From WHEN FRIENDSHIP HURTS by Jan Yager,
Ph.D. Copyright � 2002 by Jan Yager. Reprinted by permission
of Fireside Books/Simon & Schuster, Inc.
The Reading Group Guide that follows is the same guide that is included in When Friendship Hurts. This Reading Group Guide
may be duplicated and distributed to Reading Groups, Book Clubs, or other groups that have chosen to read and discuss When
Friendship Hurts. You may purchase When Friendship Hurts at your favorite local or online bookstore. Community public, college
and graduate school, corporate, wellness, and self-help libraries may also have copies available for loan. (You might want to
request that they order the book if it is not yet available.)
- In When Friendship Hurts, Dr. Yager lists many possible reasons one friend might hurt another. Think of a friendship you care about that
either has ended or needs to improve if it is to last. What concepts from When Friendship Hurts might explain the conflicts in this
friendship and help you to mend it?
- What is the definition of a positive friendship? What does Dr. Yager say are the key components of friendships that reaffirm us?
- Dr. Yager writes that there are really three kinds of friendship: casual, close, and best. What is similar and what is contrasting in these
- In addition to the level of intimacy involved, friendships are distinguish ed by the number of people in the friendship group. How do
friendships between two vary from friendship groups including three, four, or more?
- Dr. Yager suggests 21 different types of potentially negative friends. Do you recognize any of those traits in your current or former
friends? In yourself? Pick a type that describes one of your friends. Why do you think your friend is like that? What can you do, if
anything, to help yourself and your friend so the friendship stays positive?
- How can Dr. Yager's description of the Ideal Friend serve as a prototype? Do you have at least one friend who is ideal? Are you? In all
your friendships or only in certain ones? If you are not the Ideal Friend, what could you change about yourself so you are a better friend?
- How can the techniques of conflict resolution discussed in Chapter 5 apply to the conflict you may be having with a friend? Is there at
least one technique you could try next time a conflict arises with a friend?
- When, if ever, is it time to end a friendship? Why is it sometimes better to let a friendship fade than to have a dramatic
- What might you do if you don't like your child's friend? When might you want to intervene? What are other options to explore?
- What is the answer to the question posed by Chapter 7, "Friendship at Work: Are the Rules Different?" Should friendship at work be
encouraged? What are the benefits of workplace friendships? What are some of the potential drawbacks?
- In the final chapter, Dr. Yager shares the example of Doris and her two close friends, each of whom abruptly and inexplicably cut off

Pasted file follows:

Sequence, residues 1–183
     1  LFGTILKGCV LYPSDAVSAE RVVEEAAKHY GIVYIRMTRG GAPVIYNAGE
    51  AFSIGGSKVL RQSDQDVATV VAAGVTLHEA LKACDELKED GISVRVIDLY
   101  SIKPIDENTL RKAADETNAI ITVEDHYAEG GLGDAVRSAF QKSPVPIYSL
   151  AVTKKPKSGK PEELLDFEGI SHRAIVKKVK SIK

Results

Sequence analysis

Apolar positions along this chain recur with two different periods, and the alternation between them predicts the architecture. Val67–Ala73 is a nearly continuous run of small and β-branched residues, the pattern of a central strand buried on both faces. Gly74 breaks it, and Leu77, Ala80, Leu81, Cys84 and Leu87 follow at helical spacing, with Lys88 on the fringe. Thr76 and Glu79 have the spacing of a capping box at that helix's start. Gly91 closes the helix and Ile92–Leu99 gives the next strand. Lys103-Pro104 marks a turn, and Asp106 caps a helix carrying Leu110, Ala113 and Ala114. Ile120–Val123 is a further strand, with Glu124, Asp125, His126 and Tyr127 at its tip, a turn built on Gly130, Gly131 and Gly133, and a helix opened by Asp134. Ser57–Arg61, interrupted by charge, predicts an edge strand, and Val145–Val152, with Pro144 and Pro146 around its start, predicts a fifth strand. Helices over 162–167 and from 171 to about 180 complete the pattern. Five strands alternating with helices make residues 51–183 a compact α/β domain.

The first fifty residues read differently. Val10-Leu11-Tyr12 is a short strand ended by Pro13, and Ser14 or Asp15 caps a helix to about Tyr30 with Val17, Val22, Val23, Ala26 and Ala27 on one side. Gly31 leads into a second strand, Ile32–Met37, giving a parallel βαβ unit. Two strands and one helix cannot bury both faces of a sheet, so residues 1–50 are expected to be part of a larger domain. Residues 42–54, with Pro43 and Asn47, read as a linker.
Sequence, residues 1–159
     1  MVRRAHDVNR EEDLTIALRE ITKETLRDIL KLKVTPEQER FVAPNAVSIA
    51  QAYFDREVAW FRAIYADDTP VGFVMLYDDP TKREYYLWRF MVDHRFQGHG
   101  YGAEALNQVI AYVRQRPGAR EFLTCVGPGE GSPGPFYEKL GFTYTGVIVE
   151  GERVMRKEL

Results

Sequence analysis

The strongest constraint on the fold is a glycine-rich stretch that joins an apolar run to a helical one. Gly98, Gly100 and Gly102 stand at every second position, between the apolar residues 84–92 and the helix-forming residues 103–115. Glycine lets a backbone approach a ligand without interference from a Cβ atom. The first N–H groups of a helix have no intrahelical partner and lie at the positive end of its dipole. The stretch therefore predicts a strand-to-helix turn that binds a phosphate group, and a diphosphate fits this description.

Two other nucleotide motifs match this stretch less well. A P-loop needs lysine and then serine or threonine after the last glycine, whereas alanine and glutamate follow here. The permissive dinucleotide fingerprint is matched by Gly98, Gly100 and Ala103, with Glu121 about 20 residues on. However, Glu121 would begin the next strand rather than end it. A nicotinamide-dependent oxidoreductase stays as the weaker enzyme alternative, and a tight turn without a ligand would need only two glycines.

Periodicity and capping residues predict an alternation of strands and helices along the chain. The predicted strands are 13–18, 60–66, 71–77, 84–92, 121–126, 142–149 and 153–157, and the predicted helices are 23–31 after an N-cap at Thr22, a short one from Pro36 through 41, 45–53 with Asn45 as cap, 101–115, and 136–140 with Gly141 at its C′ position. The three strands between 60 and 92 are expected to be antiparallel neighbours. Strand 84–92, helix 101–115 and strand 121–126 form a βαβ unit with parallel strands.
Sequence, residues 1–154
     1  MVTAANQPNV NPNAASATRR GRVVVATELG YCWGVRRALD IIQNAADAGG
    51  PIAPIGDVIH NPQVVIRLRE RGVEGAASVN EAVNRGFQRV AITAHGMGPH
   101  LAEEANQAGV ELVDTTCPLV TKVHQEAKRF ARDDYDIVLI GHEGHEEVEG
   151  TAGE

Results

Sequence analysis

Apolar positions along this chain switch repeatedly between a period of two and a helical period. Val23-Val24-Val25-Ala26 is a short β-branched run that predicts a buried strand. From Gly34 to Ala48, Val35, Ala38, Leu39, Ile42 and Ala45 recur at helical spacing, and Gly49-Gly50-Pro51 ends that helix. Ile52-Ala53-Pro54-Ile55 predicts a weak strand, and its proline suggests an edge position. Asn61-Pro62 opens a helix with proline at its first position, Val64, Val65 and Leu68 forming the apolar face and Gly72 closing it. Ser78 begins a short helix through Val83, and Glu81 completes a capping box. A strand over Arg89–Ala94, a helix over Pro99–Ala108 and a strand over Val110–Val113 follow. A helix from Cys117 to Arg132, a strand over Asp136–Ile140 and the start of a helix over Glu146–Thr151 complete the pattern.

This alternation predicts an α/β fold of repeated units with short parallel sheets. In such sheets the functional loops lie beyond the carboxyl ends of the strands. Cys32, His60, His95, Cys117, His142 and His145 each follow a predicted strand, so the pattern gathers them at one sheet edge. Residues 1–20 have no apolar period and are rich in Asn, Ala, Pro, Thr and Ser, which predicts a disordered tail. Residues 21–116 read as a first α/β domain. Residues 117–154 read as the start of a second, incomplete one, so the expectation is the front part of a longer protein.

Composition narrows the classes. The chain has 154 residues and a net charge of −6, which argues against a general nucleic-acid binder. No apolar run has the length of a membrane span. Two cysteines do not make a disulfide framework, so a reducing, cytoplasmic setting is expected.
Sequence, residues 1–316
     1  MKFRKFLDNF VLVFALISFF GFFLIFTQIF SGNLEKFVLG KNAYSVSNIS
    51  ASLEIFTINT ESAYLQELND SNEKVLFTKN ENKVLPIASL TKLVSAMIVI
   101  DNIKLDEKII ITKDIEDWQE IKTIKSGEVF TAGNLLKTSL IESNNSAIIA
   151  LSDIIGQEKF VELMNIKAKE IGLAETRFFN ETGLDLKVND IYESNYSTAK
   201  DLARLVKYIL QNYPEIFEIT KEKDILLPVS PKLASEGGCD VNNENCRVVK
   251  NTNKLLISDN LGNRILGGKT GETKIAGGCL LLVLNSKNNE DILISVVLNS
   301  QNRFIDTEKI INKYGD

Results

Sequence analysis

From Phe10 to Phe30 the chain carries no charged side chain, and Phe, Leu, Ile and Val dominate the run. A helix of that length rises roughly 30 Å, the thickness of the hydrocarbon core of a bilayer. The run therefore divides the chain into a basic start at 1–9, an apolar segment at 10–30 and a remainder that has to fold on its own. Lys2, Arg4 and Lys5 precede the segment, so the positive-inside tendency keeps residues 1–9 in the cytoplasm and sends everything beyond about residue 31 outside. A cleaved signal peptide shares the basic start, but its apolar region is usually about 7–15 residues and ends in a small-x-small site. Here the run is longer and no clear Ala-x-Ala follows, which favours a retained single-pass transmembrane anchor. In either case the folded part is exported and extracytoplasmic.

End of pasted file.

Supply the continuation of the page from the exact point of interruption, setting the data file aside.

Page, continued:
contact with her. What do you think of the way Doris handled this situation? Has something like that ever happened to you? How did you
handle it? Have you ever cut off contact with someone you had considered a friend? Why? How do you feel about that decision now?
- If you had to pick one concept from When Friendship Hurts that will be most helpful to you in the way you deal with betrayal in
friendship, or the way you approach friendship in your career or personal life, what would it be?
A Note to Readers
My goal in writing When Friendship Hurts was to inspire dialogue about an important relationship we usually take for granted. We know we
are supposed to work on our relationships with our spouses and children, but we seldom think of working on relationships with our friends.
Yet a true friendship can be one of life's most rewarding experiences, and I am convinced it is a relationship we should value highly.
Since, by definition, friendship requires more than one person, and since the feelings and memories that reading this book evoke may be
powerful and perhaps even painful, you may want some company on your journey.
Discussing these issues with a reading or support group may be an excellent way to explore the broad range of themes presented here.
But please remember that this book is not intended to substitute for professional help, if that is what you need. If you are already in
therapy, you might want to share this book with your therapist or group so that you can talk about your reactions to the topics,
anecdotes, and examples you are reading. Most of all, I hope this book will act as a catalyst to help you find your own answers.
My web site address is:
There you will find information about my
research and writings, as well as information about the seminars I conduct. My other web site address is:
http://www.janyager.com/friendship. You will also learn about the annual National
New Friends, Old Friends Week, which I founded in 1997,
celebrated for a week in May, to help remind all of us that friendships, especially positive and affirming ones, are worth remembering and